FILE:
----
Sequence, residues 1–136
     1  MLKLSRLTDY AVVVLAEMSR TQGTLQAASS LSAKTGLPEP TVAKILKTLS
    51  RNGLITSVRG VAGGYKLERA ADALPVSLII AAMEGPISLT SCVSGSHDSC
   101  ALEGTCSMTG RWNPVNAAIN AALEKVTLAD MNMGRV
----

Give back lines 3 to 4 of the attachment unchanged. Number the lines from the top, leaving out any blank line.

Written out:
    51  RNGLITSVRG VAGGYKLERA ADALPVSLII AAMEGPISLT SCVSGSHDSC
   101  ALEGTCSMTG RWNPVNAAIN AALEKVTLAD MNMGRV